A detector-based spectral irradiance scale has been realized at the National Institute of Standards and Technology. Unlike the previousNIST spectral irradiance scales, the new scale is generated using filter radiometers calibrated for absolute spectral power responsivitytraceable to the NIST High-Accuracy Cryogenic Radiometer instead of using the gold freezing-point blackbody. The calibrated filterradiometers are then used to establish the radiance temperature of a high-temperature blackbody (HTBB) operating near 3000K. Thespectral irradiance of the HTBB is then deternidned using the knowledge of the geometric factors and is used to assign the spectralirradiances of a group of I 000 W FEL lamps. The detector-based spectral irradiance scale results in the reduction of the uncertaintiesfrom the previous, source-based, spectral irradiance scale by at least a factor of two in the ultraviolet and visible wavelength regions. Thenew detector-based, spectral irradiance scale also leads to a reduction in the uncertainties in the short-wave infrared wavelength region byat least a factor of two to ten, depending on the wavelength. Following the establishment of the spectral irradiance scale in the early1960's, the detector-based spectral irradiance scale represents a fundamental change in the way that the NIST spectral irradiance scale isrealized.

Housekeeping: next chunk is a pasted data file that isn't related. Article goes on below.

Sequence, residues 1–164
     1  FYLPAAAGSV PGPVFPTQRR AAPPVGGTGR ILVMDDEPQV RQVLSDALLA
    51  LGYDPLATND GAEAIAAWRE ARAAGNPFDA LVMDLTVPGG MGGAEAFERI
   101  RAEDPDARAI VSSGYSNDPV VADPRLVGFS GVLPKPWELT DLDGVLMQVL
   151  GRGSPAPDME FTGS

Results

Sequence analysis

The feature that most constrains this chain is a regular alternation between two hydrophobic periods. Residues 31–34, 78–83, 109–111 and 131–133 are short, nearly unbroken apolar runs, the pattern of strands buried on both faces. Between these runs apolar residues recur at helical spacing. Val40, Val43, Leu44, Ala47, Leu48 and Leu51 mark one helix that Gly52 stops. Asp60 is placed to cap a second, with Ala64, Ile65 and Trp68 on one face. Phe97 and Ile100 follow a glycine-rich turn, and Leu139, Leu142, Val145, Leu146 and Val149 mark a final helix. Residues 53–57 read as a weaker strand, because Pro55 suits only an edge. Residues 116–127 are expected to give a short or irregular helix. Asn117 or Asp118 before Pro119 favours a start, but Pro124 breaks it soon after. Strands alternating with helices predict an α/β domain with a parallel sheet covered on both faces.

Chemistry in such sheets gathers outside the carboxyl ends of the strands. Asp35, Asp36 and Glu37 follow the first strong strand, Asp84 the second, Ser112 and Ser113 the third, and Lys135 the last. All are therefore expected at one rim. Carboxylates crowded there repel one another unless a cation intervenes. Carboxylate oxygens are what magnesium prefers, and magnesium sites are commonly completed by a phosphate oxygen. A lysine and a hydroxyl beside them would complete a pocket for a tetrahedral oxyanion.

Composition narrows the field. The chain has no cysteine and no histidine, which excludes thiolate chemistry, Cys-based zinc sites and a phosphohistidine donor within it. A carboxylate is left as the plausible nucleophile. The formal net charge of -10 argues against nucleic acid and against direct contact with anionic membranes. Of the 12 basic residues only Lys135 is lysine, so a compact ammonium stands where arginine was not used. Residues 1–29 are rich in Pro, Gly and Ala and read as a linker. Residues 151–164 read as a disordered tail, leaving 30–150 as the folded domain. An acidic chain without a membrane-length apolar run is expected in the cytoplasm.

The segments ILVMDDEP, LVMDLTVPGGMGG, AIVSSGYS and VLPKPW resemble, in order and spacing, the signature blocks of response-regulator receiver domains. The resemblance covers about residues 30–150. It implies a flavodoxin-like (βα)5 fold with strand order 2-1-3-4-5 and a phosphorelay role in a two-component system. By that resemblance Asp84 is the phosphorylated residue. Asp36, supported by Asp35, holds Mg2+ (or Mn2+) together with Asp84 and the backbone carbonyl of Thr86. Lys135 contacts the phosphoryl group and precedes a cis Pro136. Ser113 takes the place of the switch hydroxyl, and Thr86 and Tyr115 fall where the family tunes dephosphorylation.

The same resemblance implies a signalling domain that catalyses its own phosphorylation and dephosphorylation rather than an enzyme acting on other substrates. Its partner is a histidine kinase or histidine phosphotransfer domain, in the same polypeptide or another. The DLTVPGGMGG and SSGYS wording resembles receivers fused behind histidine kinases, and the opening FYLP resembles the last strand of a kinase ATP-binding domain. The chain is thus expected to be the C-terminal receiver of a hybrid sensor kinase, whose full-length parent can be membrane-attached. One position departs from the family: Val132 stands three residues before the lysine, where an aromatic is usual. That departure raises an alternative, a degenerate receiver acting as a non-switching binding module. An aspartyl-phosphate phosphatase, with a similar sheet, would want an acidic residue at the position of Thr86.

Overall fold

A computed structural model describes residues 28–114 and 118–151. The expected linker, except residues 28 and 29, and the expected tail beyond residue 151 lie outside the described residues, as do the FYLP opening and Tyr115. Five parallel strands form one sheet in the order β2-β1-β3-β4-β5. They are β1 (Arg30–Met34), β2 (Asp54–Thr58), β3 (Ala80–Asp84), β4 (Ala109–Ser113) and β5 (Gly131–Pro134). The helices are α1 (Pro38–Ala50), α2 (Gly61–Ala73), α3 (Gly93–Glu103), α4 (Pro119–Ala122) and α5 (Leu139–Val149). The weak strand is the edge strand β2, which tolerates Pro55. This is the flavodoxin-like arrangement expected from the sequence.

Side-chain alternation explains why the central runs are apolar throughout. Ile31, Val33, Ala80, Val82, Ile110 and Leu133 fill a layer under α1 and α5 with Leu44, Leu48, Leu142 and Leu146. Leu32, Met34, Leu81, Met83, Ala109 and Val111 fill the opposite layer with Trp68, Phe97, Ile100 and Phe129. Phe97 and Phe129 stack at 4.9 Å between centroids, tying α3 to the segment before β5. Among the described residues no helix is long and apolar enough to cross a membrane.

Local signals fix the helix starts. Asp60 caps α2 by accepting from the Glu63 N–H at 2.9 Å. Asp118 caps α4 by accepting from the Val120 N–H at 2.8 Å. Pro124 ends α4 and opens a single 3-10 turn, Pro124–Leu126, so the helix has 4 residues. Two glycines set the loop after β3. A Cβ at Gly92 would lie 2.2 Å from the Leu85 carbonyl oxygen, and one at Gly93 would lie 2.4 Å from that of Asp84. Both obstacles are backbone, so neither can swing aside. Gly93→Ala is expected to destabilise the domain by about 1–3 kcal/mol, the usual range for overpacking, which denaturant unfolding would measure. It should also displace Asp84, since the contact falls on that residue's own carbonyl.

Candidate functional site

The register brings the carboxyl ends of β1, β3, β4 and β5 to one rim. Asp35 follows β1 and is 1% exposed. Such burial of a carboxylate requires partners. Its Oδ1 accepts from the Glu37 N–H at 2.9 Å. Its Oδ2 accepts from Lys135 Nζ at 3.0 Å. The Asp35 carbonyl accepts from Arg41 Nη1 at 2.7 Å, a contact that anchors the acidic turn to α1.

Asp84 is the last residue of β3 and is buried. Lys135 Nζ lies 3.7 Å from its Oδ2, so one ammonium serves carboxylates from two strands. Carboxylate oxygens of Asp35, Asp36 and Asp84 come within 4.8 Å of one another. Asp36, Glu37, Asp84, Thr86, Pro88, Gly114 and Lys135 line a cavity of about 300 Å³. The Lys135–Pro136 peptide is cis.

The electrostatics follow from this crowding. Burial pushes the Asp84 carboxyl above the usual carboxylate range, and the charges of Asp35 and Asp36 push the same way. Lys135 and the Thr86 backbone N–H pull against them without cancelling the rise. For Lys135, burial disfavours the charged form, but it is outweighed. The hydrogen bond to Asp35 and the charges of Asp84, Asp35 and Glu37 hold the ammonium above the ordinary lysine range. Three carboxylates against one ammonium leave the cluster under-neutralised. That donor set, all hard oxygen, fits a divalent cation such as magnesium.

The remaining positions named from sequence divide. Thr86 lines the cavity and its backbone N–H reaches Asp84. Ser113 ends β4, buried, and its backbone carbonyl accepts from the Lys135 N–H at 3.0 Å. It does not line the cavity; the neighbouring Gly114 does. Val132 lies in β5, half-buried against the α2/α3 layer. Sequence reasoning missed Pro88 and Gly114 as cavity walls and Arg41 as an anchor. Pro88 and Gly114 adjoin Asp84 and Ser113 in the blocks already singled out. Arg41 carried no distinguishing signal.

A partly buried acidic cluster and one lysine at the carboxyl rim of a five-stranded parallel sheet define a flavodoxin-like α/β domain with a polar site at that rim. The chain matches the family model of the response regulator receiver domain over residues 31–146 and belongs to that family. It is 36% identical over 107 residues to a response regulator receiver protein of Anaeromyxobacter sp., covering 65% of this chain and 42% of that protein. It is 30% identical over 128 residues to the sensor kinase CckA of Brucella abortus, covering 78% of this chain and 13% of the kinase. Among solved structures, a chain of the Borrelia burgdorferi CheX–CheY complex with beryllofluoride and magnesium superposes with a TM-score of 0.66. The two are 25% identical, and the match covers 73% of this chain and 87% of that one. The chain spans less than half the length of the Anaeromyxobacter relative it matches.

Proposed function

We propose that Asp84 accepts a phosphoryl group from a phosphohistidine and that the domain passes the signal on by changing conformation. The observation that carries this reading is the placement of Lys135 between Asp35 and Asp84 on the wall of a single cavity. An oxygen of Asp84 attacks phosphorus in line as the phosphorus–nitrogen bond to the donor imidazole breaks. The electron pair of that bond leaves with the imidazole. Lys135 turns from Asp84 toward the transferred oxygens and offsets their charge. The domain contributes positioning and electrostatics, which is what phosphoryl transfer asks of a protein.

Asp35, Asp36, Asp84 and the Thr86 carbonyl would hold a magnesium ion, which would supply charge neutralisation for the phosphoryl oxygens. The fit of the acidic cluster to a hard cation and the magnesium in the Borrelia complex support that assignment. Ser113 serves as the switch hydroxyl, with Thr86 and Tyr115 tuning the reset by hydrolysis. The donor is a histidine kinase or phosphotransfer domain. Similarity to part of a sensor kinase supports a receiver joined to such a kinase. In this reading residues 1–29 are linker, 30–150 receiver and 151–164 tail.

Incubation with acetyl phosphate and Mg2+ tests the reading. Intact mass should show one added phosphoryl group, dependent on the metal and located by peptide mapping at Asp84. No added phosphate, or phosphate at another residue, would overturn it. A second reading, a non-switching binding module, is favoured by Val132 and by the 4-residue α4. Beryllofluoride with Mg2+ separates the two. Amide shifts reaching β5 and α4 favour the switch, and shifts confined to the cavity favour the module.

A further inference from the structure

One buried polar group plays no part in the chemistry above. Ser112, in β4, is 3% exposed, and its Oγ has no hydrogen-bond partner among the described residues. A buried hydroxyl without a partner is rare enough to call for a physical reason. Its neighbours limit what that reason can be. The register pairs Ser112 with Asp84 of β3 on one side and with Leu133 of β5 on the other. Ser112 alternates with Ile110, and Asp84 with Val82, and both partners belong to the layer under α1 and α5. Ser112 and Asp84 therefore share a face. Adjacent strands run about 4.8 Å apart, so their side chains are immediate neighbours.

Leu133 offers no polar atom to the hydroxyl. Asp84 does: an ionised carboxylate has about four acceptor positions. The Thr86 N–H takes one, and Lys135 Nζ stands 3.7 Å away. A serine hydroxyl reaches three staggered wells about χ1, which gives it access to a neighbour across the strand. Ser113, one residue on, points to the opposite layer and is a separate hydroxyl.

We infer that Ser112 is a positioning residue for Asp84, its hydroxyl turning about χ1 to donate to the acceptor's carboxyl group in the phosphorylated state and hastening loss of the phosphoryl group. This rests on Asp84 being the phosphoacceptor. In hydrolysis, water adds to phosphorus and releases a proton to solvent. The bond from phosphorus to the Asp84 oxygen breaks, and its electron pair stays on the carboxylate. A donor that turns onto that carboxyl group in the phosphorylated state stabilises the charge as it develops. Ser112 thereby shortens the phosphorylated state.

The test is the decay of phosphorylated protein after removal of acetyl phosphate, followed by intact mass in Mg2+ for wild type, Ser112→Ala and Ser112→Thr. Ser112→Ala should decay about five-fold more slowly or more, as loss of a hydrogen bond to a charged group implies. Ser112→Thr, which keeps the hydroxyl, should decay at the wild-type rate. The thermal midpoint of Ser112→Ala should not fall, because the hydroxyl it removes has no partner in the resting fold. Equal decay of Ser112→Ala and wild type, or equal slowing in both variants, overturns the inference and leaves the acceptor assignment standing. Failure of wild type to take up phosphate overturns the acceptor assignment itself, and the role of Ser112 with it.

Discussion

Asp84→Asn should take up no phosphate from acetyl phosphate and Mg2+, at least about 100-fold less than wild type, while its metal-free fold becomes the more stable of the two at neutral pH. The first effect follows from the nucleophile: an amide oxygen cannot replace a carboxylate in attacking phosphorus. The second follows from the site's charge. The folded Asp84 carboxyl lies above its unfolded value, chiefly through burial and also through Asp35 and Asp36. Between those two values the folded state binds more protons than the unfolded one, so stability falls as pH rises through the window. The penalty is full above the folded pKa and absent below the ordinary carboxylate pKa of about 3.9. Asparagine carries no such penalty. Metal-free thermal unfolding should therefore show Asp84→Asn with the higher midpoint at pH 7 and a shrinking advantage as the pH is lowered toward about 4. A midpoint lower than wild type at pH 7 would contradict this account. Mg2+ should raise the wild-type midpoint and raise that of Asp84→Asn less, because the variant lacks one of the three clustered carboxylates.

Citation: Applied Optics
Issue: No. 28
Pub Type: Journals
absolute radiometry, blackbody, filter radiometers, spectral irradiance